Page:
I know, I know, that’s pretty harsh. But keep in mind: Critical Role is a multi-million dollar business. With the 10 million dollars they’ve earned on Twitch and the 11 million dollars they raised to make their own TV show, (and whatever they end up getting paid through merchandise sales and Amazon Prime), this is no longer a game of friends playing D&D for fun. This is a business, and that means hitting certain marks.
Diving right in, Bertrand Bell needed to die for the purposes of the story and marketing. This was planned in advanced by Matt Mercer and Travis Willingham, not as Matt the Dungeon Master and Travis the player, but as Matt Mercer, the Chief Creative Officer, and Travis Willingham, the CEO of Critical Role.
It’s a good move. Bertrand Bell was a very funny character for Travis previously, and a good story tie-in to help merge the leftover characters from Exandria Unlimited to the new characters of Campaign 3 while tying all of that together to Campaign 1. That was a fantastic way to create buzz in the media without spending dime. By virtue of using Bell again, invested viewers and media reviewers would inevitably watch parts of Campaign 1, the one-shots like “The Search for Grog”, and tie these together for articles about Campaign 3. And since Exandria Unlimited didn’t do as well for Critical Role as they had hoped, mixing Bell in the first few episodes with three of the characters that were played in Exandria Unlimited helps generate curiosity about the events in ExU as well.
None of this is by accident. With the Legend of Vox Machina coming up soon on Amazon, it’s a damn good idea to bring Campaign 3 back out of Wildmount and closer to where interactions and mentions of Vox Machina, the characters from Campaign 1, can be brought up more frequently in the narrative. And as a business, the more you can do to self-promote the material you’ve already done, the more you can focus on the quality of the new material.
There were signs that Bertrand was slated to die. Coming in at Level five in episode one, (two levels above the rest of the players who were at level three), and using Bertrand to introduce the rest of the group to the first quest giver was a great story hook, but also a large tip-off that Bertrand’s place in the narrative was ordained. This means the starting point of their first arc is a very predetermined, tactical move from behind the scenes to start this campaign off in a manner that pushes the narrative in a singular direction immediately.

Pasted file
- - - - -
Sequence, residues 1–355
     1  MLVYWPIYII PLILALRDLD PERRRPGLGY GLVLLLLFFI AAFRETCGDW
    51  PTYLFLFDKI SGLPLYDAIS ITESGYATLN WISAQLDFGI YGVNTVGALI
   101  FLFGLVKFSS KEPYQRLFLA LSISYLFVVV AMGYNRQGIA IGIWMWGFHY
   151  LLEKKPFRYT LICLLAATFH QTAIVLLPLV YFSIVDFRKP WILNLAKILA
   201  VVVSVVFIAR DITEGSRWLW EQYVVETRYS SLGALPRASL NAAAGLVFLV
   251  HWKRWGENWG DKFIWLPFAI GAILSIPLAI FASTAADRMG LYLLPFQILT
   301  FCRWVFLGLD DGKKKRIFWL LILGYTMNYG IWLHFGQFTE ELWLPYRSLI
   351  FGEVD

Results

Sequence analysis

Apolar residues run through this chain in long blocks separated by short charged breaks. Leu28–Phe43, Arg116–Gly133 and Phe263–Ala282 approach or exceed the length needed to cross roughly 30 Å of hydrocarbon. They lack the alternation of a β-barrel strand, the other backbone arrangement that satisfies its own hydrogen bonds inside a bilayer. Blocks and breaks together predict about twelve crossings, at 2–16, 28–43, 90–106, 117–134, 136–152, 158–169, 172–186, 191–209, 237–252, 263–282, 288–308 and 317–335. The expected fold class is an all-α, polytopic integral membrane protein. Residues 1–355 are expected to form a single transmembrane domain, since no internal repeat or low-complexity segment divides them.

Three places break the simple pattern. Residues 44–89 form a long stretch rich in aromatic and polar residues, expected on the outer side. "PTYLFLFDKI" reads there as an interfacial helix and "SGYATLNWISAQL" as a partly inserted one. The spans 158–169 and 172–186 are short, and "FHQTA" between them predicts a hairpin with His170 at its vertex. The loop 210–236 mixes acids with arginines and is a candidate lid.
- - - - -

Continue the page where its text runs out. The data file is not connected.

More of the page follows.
Because of his higher level, most viewers were waiting for the penny to drop and Bertrand to die. This also generated a lot of curiosity and buzz about who Travis’ actual Campaign 3 character would be and when they’d be revealed. I thought Travis’ work with Bertrand was stellar, but the level difference really convinced me that Travis’ time with the character was only temporary. And there is no way to kill a player character in this fashion without planning it in advance; despite some folks wanting to believe that everything that happens on the show isn’t scripted, this couldn’t make it more clear that some elements very much are. I’ve mentioned frequently in my answers on Quora, but I want to reiterate that here. This is a business after all, and with more and more money on the line, there is more pressure to deliver a product that continues to keep the interest of the current fans while also gathering new ones. To a certain extent, there has to be product control. Even though the game is mostly improvised interactions, there still needs to be certain story beats to hit. A lot of improvisation in Los Angeles, especially for long form, use structures like, “the Harold” to give a format to how to structure the improv scenes. All of the cast critical role are professional actors who have all done improv, and as the business has grown, have likely accepted that some of their game has to adhere to a bit more structure than when it was just a home game.
Campaign 2 had a really rough start: most of the characters designed by the cast were antisocial loners and introverts, and if that didn’t hamper conversation enough, most of them had tragic backstories, trust issues, and were not necessarily good people. The campaign also started without a clear villain, no real starting arc, and it wasn’t actually till Mollymauk, (played by Taliesin Jaffe), lost his life and was replaced with Caduceus Clay that the show felt like it was picking up steam and heading towards more concrete goals. In fact, that death ended up being the catalyst for their final arc and endboss. In many ways, Campaign 3, story-wise, looks to be addressing the major starting issues that occurred in Campaign 2. Three out of the eight characters were already workshopped in ExU, Bertrand Bell was also a workshopped returning character used to tie narratives together, and that left only four characters that needed introduction in the first episode. This greatly sped up the action and introductions; in short, Campaign 3 got right to business.
So it makes sense to me that Campaign Three needed Bertrand Bell to die. It solves a lot of problems right away: it gives the group a catalyst to become a team, it gives them a few launching points for starting quests, and introduces them onto a slightly more heroic and driven path than they might have taken otherwise.
And then killing him off? Also a great move for the story. Just like Spider-Man losing Uncle Ben, now our heroes are bound by a common tragedy and united against a single enemy. Regardless of their backstories and goals, they have one common goal in avenging the death of their fallen friend.
That’s a good way to kick off a story, and that is why Bertrand had to die. It’s just good business.